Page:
Out of Order Murder Mystery by Bert Paul

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Take everything you've ever known about mysteries, and get ready to toss it out the window. Preferably at the neighbor who stole your newspaper this morning. Go on. We'll wait here.

This story is a spoof of murder mysteries and courtroom dramas, with a bit of science fiction thrown in. It is told, well, out of order. Hence the title. Because of that, the victim finds out ahead of time that he may be murdered and has a chance to take evasive action. Naturally, things don't go well.

Many of the characters come to realize they are not in real life, but have been caught up in "a stupid Uncle Bert story." Yet, they know the only way out is to proceed through the story to the end. Action alternates back and forth between courtroom drama and events happening outside the courtroom. And some actions even happen before other actions start. Or end. Or, in the middle of other actions.

Who will live, who will die and who will escape having to end up in another one of Bert's stories? Will anyone actually get to go on vacation? Whodunit?

A laugh-out-loud, madcap short story.


The judge thought, Well here we are again. Have we made any progress? Is there a defendant? Do we have any more jurors? Has my law clerk found out if it’s kosher for a murder victim to serve on the jury at his own murder trial? He looked to his left. He brightened considerably. There were more jurors—for a total of twelve, plus three alternates! Now they were getting somewhere. But first—

“Harrumph,” harrumphed the judge. “Will the lady with the Lord-have-mercy hairdo please disentangle her string of barbed wire from the assistant district attorney’s see-through hoop skirt?”

“But, your majesty,” said the lady with the Lord-have-mercy hairdo, “this length of barbed wire is what keeps my hairdo in place. It was very expensive to get my hair done this way.”

The judge gaped in astonishment. “You paid money to look like that? How much prison time did your hairdresser get?” The lady with the Lord-have-mercy hairdo gave the judge a withering glance and continued to try to disengage her hairdo’s fastening barbed wire from the assistant D.A.’s transparent attire. Fortunately, the assistant D.A. was wearing a wetsuit and swim fins under her flimsy top garment for decorum’s sake.

“But what is a Lord-have-mercy hairdo?” interrupted Vladetta, who was supposed to be in class by now, not asking questions in a chapter she wasn’t even in.

“No explanation is necessary in regard to the Lord-have-mercy hairdo,” said Uncle Bert. “Everyone has seen someone with a Lord-have-mercy hairdo. Such hairdos vary in size and color, and they are held together by various means, but all of them inspire everyone who looks at the hairdo to say, ‘Lord have mercy!’ aloud or to themselves. And each person who has a Lord-have-mercy hairdo thinks she looks wonderful. But,” concluded Uncle Bert, “we digress.”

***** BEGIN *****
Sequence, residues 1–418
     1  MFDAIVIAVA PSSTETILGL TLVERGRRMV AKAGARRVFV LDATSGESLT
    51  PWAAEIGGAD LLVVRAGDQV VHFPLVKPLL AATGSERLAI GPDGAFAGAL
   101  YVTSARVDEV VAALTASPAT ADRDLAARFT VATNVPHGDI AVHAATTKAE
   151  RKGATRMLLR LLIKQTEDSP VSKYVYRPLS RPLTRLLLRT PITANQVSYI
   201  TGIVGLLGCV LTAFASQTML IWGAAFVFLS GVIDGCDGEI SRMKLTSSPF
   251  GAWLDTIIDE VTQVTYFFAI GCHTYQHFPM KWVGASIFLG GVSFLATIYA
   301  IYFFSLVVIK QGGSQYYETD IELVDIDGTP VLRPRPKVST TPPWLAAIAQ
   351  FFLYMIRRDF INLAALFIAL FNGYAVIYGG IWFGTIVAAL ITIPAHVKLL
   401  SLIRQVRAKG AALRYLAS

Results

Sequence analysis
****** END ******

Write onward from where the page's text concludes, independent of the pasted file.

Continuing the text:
The judge said, “Now that the assistant D.A. seems to be free of the barbed wire, maybe we can get down to business.” The lady with the Lord-have-mercy hairdo straightened up in her seat in the witness box, which is where she had been sitting when the prosecuting attorney had approached too closely and gotten entangled in her hairdo, sometime before the start of this chapter, but after the end of the last chapter.

The court recorder spoke. “Hey, do I have to record what happens between chapters? It’s not in my job description.” When no one answered, he decided not to bother recording things that happened between chapters, regardless of proper procedure in the matter. There were limits, after all.

“I object!” said juror number 3, an attractive elderly lady who was wearing an out-of-date evening gown and a tattered banner that read, “Miss America 1955.”

The judge was tired of this nonsense. Sternly, he said, “You can’t object. You are a juror.”

“I most certainly can and do object,” said the apparent Miss America of 1955. “Juror number 4—Mr. P—has his hand on my knee and has been making the most inappropriate suggestions of what we might do together after the trial.” She drew herself up in her most dignified manner and glared at Mr. P. Mr. P did his best to look wide-eyed and innocent, but as usual, only made it look like he had just sat in something squishy. Also, he hadn’t bothered to remove his hand from Miss America’s knee, so her objection seemed valid.

“Mr. P,” said the judge, “remove your hand from Miss America’s person.” Mr. P did so, reluctantly. “Now, Ms. Prosecuting attorney and Mr. Defending attorney, do we have a defendant?”

“No, your honor,” said the two attorneys in unison, to save time, pixels, and paper.

“Well, do we have any witnesses? Any evidence? Is anyone ready to proceed?”

The attorneys looked at one another. They said, “Well, no. We want a continuance until…well, until…”

“Until next time!” finished the judge. “Court is adjourned until some later chapter!” He banged his gavel with the authority that only a judge of 50 years’ experience possesses.

  • Published by: Untreed Reads

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